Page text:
The Supreme Court on Tuesday orally remarked that excessive quota may impact the right to equal opportunity guaranteed under the Constitution.
Justice S.A. Bobde, leading a three-judge Bench, said quota benefits given to the most “forward” classes, especially to those who had no qualification whatsoever, would result in “excess” reservation and breach equality.
‘Quota an exception’
“Reservation itself is an exception. Reservation is intended to achieve equality of opportunity,” he remarked.
The Bench is examining whether to refer to a Constitution Bench a batch of petitions challenging the validity of a constitutional amendment providing 10% economic quota in government jobs and educational institutions.
Senior advocate Rajeev Dhavan made a strong pitch for referring the issue to a Constitution Bench. He argued that economic reservation violated the 50% reservation ceiling limit fixed by a nine-judge Bench in the Indra Sawhney case. Further, the 1992 judgment had barred reservation solely on economic criterion.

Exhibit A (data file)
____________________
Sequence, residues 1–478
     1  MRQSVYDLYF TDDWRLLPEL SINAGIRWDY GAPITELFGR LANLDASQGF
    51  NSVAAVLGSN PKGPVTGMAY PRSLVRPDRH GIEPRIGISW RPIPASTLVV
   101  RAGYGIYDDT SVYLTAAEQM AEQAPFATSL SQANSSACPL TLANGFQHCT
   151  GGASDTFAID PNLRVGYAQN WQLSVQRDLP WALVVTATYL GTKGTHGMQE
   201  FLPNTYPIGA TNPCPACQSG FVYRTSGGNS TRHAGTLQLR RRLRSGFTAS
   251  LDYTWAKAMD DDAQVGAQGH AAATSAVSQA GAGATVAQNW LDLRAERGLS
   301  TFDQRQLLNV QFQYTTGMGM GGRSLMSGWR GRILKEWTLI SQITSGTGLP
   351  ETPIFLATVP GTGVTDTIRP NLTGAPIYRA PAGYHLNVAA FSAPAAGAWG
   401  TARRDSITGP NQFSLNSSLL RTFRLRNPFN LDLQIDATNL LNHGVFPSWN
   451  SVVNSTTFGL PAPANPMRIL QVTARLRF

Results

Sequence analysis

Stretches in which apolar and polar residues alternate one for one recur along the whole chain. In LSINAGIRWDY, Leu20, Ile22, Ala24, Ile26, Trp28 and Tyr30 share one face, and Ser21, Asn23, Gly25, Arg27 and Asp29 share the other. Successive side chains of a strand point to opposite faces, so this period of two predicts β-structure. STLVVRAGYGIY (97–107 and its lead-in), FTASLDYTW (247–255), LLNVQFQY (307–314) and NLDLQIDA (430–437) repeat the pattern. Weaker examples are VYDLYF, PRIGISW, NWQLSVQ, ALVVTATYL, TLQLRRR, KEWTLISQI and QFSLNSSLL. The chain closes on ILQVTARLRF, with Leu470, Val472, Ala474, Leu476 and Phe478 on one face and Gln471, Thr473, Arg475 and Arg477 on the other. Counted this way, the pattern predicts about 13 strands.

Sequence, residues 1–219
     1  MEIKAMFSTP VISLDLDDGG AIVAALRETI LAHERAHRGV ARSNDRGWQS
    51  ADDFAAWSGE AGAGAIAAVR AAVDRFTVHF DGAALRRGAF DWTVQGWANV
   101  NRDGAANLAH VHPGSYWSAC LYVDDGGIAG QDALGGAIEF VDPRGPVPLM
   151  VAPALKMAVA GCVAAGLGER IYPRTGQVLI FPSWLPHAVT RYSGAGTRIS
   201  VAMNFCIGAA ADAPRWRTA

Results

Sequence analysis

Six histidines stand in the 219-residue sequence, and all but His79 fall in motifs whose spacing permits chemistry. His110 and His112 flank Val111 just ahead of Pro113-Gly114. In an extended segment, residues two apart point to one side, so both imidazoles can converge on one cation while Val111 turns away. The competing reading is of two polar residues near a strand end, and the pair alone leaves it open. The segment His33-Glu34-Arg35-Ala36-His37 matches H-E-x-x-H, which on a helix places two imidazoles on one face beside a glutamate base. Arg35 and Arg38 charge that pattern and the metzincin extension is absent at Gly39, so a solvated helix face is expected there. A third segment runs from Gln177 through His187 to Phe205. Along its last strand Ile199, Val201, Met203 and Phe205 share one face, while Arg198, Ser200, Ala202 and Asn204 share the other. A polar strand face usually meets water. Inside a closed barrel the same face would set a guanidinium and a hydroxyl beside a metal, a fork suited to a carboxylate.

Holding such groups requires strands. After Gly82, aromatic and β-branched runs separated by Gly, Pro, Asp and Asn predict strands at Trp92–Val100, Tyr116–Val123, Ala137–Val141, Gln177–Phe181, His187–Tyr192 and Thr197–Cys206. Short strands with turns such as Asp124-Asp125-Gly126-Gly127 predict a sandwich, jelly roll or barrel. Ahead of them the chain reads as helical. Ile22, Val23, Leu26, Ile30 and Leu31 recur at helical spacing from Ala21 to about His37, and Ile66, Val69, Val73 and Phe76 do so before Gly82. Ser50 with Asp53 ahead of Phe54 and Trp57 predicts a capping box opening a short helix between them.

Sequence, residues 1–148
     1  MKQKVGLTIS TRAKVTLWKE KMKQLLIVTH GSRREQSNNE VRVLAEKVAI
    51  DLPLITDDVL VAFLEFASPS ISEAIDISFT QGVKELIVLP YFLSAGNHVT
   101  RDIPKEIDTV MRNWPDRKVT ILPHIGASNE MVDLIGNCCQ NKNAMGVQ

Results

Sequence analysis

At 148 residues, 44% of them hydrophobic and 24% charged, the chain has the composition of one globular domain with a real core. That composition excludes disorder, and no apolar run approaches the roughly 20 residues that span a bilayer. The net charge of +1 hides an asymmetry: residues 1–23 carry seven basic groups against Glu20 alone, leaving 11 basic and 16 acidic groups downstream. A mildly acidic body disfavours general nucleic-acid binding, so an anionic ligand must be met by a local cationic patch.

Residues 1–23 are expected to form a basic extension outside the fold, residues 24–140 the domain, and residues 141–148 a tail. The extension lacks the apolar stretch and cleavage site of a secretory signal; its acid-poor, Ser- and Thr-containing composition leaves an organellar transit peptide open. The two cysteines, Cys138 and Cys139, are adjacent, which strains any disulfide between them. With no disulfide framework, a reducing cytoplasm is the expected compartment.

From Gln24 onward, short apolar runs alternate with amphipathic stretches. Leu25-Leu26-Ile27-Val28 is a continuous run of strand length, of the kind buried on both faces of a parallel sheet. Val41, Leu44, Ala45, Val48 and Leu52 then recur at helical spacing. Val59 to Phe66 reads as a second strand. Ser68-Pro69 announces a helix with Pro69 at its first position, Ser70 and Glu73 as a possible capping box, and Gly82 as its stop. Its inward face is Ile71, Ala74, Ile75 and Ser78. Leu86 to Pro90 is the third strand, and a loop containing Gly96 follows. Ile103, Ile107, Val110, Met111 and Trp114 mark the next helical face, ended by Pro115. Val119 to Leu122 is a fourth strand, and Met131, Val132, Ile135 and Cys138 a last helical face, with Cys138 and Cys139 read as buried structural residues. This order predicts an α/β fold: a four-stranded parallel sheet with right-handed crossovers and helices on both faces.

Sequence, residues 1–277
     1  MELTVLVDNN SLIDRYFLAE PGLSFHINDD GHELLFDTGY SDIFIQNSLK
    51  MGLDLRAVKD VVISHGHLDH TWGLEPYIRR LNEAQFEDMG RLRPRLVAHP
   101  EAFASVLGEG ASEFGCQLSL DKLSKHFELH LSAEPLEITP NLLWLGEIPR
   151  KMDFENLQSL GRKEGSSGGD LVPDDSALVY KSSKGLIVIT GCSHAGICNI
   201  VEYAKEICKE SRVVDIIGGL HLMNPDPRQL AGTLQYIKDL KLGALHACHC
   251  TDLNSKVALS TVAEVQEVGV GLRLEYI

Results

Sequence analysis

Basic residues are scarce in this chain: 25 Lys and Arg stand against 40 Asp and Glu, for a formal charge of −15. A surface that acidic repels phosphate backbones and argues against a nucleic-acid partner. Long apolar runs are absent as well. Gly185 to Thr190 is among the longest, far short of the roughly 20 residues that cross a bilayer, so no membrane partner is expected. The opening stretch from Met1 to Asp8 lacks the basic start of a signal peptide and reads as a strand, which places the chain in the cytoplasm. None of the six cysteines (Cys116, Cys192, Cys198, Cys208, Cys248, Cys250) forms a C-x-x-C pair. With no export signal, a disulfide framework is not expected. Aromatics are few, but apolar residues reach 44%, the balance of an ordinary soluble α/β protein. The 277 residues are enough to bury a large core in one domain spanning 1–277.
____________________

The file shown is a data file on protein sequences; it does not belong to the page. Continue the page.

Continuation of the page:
In a 6:3 majority verdict, the Supreme Court, in the Indra Sawhney case, had held that “a backward class cannot be determined only and exclusively with reference to economic criterion... It may be a consideration or basis along with and in addition to social backwardness, but it can never be the sole criterion.”
After a gap of 27 years, the Constitution (103rd Amendment) Act of 2019 has provided 10% reservation in government jobs and educational institutions for the “economically backward” in the unreserved category.
The government, represented by Attorney General K.K. Venugopal, however, told the court that the 10% economic quota law was a move towards a classless and casteless society.
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